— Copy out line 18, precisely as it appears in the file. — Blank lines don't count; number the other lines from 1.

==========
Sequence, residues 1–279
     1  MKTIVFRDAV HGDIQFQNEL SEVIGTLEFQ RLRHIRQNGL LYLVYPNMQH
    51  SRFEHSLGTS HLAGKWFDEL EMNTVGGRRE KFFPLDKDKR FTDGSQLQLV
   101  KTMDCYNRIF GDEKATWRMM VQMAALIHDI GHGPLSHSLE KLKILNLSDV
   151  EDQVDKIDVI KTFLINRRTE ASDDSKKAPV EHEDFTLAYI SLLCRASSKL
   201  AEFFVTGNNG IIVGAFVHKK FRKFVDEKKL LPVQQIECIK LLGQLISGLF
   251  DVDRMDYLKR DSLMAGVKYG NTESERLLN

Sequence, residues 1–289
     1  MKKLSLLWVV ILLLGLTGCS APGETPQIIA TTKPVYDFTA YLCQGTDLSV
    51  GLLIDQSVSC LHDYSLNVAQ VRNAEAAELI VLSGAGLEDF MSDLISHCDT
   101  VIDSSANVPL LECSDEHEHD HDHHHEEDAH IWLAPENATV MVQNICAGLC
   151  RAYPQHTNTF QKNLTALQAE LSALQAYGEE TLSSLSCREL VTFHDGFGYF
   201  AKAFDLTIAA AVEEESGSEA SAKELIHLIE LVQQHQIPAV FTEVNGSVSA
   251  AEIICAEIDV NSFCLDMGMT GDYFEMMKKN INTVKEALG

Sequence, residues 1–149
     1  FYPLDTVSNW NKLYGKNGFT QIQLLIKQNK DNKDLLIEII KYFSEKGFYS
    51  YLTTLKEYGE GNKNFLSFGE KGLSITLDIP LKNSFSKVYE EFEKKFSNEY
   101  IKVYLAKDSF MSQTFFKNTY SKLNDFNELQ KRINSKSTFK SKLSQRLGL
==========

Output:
   101  IKVYLAKDSF MSQTFFKNTY SKLNDFNELQ KRINSKSTFK SKLSQRLGL